Josh Beaulieu
www.ontariohockeyleague.com

Josh Beaulieu

Hometown:

Comber Ontario

Currently Playing In:

Pro

Birthday:

1987-01-10

Position:

RW

Eligible for draft:

2005

Shoots:

Left

Drafted:

Height:

6-0

Acquired:

5th round (152nd overall), 2005

Weight:

180 lbs.

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History

Beaulieu spent his rookie season between the fourth line on London and Junior B, as he had a tough time cracking a strong London team. He started out slowly in his sophomore season, spending time on the fourth line or the checking line, but as his confidence grew, he kept playing better and started seeing time on the second line in the later stages of the season. Has developed into one of the better middleweight fighters in the OHL.

Taken perhaps higher than he should have been given that he was a part of the high-flying London Knights.

2006-07: A succession of injuries and suspensions limited Beaulieu’s effectiveness in what was his fourth, and potentially final, season at the major junior level. The Windsor, ON native finished with 16 points (10 goals, six assists), a minus-9 rating and 93 penalty minutes in just 44 games. He did, however, step up his game considerably during the postseason, notching nine points (3 goals, 6 assists), a minus-1 rating and 31 PIMs in 10 games for London, which ultimately fell to the Plymouth Whalers in the OHL’s Western Conference finals. One of the Knights grittier performers, Beaulieu had evolved over the previous three seasons into a valuable two-way player, agitator and penalty-killer for the perennial OHL powerhouse.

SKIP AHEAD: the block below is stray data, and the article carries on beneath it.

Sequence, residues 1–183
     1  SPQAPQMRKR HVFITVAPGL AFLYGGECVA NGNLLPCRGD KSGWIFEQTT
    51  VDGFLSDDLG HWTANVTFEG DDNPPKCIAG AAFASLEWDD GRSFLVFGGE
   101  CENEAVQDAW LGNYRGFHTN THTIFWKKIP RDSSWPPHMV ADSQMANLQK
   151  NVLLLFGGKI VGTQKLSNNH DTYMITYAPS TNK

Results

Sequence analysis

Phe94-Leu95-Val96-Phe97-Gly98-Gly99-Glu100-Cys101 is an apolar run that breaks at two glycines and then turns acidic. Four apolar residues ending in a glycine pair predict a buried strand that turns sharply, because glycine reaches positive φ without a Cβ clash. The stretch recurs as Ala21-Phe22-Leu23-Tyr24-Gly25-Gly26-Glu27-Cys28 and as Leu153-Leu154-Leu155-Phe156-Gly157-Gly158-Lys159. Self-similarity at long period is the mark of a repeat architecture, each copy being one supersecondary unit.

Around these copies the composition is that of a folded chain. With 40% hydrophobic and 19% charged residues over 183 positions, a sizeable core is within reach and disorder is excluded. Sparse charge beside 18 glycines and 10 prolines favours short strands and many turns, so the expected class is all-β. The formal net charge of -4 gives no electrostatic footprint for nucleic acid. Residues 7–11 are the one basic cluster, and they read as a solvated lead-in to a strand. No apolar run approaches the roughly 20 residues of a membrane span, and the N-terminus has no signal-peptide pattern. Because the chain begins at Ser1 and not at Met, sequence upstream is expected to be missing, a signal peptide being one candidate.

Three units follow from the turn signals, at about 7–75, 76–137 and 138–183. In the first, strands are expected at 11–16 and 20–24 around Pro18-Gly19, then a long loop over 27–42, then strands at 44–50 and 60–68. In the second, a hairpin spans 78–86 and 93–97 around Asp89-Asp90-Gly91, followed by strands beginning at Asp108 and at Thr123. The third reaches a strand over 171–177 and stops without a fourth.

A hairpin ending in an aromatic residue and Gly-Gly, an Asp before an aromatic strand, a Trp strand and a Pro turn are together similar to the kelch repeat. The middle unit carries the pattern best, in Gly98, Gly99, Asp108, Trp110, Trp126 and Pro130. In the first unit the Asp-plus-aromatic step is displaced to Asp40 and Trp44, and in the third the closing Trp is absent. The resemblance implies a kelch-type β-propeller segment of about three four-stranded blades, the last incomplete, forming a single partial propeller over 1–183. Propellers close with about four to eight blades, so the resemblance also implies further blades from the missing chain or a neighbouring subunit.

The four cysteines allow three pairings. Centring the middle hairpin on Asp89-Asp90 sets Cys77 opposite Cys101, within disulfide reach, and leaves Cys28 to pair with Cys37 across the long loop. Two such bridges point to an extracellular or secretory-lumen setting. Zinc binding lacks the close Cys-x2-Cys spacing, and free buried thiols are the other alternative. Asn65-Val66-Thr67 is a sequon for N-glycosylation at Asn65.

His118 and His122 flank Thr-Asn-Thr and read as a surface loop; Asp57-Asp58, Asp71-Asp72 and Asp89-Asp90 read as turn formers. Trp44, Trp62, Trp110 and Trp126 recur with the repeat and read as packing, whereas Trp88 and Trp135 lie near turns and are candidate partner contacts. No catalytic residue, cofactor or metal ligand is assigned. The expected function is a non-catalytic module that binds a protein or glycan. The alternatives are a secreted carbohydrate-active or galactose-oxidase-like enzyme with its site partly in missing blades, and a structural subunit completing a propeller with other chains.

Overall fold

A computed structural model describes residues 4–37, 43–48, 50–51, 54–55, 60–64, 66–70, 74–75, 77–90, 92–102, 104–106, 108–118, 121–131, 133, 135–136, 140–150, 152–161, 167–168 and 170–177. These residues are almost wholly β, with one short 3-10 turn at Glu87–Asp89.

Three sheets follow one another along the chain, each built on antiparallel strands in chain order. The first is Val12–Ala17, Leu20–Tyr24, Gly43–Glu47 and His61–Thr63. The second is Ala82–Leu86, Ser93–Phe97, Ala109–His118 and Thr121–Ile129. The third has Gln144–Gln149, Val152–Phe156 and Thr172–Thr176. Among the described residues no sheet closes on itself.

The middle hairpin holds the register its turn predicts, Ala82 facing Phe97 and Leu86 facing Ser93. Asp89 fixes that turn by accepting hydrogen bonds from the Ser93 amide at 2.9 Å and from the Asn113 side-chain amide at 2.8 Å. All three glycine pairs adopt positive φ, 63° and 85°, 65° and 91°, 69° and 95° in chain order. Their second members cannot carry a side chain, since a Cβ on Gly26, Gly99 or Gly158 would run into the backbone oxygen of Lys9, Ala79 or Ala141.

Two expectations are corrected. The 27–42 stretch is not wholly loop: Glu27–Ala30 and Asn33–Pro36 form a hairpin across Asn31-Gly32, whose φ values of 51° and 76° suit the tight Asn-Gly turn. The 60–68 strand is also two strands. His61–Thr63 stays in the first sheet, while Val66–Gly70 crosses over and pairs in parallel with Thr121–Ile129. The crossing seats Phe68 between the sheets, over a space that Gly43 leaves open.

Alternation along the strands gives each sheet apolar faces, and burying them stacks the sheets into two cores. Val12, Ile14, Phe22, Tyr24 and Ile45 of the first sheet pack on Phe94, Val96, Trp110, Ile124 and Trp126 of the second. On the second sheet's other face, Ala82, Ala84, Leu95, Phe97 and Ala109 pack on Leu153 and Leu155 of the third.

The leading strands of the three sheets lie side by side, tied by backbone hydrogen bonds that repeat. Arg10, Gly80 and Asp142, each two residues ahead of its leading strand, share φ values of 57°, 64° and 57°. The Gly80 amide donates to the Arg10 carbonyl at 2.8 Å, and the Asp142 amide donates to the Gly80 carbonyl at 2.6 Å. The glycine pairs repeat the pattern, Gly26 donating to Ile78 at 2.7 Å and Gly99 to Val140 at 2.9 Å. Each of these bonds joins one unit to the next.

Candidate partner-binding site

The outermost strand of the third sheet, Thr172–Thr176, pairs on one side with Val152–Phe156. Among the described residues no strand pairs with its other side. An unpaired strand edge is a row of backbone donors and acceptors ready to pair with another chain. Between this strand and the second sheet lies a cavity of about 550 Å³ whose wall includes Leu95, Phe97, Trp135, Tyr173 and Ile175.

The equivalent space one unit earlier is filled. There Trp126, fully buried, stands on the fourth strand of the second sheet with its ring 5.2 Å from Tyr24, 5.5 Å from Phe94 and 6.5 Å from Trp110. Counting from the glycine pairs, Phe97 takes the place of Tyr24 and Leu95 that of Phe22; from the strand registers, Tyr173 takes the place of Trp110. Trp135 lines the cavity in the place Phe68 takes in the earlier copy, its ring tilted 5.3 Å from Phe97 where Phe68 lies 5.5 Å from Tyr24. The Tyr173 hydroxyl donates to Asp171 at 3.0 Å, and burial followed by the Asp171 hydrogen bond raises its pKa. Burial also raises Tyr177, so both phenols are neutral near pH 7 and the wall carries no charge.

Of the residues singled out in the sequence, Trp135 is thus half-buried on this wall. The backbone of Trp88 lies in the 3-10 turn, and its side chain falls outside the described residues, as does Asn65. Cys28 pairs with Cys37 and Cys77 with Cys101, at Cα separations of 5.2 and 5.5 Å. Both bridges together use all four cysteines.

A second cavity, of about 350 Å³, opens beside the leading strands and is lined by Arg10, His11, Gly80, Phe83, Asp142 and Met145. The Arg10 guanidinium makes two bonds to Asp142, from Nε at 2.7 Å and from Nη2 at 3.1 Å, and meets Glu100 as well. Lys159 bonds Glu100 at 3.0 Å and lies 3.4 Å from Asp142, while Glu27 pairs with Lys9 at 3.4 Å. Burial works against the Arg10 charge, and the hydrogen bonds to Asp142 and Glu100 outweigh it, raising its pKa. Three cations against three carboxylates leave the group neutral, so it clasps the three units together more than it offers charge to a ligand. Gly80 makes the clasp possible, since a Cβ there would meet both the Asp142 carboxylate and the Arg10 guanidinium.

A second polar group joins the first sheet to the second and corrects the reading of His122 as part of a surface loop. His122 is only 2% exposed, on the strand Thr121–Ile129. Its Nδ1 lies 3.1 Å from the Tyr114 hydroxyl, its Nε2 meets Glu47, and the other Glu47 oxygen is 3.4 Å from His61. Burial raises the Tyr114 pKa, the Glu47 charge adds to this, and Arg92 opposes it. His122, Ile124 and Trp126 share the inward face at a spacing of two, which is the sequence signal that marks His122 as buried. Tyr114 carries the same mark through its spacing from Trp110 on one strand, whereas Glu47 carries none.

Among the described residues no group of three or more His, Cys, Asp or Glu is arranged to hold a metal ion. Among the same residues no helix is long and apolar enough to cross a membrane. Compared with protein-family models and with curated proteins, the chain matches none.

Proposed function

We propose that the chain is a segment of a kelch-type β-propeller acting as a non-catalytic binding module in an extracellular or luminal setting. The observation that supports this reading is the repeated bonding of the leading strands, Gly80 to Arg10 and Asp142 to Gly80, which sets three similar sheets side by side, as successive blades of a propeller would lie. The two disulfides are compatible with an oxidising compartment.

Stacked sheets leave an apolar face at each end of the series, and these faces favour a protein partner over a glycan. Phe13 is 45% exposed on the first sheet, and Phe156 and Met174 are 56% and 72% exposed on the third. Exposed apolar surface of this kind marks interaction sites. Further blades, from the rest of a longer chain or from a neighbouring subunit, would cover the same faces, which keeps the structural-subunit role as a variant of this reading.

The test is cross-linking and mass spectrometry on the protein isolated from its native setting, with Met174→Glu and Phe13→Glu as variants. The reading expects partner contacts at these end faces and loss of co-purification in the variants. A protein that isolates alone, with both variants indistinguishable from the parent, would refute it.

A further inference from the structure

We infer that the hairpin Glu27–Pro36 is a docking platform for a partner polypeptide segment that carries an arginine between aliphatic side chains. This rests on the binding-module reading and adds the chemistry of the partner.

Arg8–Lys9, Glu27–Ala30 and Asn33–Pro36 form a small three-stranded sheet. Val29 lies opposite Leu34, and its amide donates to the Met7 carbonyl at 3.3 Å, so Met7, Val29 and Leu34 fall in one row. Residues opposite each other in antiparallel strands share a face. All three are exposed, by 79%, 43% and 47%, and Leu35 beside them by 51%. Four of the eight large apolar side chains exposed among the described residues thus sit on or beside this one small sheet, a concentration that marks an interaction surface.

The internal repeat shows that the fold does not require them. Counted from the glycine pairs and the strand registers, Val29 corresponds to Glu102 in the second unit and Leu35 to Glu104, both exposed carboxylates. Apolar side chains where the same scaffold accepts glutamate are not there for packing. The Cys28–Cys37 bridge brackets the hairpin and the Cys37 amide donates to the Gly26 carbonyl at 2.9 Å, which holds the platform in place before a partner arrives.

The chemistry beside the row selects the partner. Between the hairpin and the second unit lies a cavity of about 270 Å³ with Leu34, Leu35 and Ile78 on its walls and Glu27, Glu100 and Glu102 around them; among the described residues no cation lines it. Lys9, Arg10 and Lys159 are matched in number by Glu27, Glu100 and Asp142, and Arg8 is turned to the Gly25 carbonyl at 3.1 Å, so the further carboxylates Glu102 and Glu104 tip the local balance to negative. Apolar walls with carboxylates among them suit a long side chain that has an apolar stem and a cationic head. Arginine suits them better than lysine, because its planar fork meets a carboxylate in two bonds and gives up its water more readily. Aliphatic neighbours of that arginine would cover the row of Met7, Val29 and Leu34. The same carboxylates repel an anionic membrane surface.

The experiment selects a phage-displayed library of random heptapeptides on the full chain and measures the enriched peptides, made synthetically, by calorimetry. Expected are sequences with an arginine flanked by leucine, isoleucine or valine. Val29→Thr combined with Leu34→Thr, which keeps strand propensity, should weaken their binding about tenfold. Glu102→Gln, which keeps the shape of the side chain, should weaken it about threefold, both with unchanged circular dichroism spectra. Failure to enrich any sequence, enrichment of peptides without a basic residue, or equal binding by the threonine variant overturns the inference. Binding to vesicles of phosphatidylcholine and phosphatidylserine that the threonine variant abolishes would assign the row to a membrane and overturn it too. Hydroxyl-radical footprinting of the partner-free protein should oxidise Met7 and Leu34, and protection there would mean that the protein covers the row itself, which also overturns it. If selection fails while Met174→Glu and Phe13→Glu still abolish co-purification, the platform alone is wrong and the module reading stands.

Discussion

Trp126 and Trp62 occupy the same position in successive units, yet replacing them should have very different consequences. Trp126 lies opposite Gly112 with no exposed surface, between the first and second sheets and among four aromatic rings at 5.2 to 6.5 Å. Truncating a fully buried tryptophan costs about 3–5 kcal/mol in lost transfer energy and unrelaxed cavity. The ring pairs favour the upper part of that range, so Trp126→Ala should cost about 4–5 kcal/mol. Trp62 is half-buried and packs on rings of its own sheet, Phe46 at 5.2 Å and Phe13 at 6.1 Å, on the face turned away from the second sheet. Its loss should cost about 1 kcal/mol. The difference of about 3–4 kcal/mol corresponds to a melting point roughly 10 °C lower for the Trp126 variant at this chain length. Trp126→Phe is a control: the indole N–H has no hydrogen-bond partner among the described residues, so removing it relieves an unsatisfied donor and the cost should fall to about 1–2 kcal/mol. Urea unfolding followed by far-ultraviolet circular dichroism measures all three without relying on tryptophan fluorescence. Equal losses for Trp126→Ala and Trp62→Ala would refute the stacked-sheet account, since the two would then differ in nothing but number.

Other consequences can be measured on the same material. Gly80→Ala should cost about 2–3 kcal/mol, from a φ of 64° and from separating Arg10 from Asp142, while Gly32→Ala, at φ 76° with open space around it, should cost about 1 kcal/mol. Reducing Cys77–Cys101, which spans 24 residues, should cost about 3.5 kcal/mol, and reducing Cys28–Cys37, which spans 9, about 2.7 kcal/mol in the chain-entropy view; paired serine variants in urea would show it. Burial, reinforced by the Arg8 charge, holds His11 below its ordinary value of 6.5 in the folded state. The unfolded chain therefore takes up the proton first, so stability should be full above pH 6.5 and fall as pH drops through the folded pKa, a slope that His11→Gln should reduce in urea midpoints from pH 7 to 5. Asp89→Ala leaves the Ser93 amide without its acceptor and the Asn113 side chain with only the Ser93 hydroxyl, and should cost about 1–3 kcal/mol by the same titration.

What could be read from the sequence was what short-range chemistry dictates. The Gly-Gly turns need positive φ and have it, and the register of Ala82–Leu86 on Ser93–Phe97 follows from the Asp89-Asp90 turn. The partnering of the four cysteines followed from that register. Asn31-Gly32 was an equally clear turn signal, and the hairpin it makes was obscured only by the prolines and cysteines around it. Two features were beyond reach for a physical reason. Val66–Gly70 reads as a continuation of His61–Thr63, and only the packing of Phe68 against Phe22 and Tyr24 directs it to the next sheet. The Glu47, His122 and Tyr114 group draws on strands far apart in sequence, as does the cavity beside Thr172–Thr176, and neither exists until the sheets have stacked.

2007-08: After four years with London (OHL), this was Beaulieu’s first with the Philadelphia Phantoms (AHL). He made his professional debut on Oct. 5 vs. Norfolk. He scored his first pro point with a goal in Hamilton on Nov. 30. He scored the game-winner in two consecutive games, first in a 4-2 win at Albany on Jan. 5 and then in a 6-2 win vs. Bridgeport the next night.

Talent Analysis

Beaulieu is following a recent trend of prospects for the Knights. He was broken in slowly and then given a lot of ice time as he developed. Because of this, he has moved up the list on a number of scouts’ books. He has proven he can hold his own in a fight. Now he is proving that he can play good offensive hockey as he is starting to find a niche for himself on the second line. He goes into the corner with no fear and will pay the price in front of the net.

Future

At the pro level he has the potential to be a fourth line energy guy who will run around and throw some big hits and drop the gloves when his team needs a lift.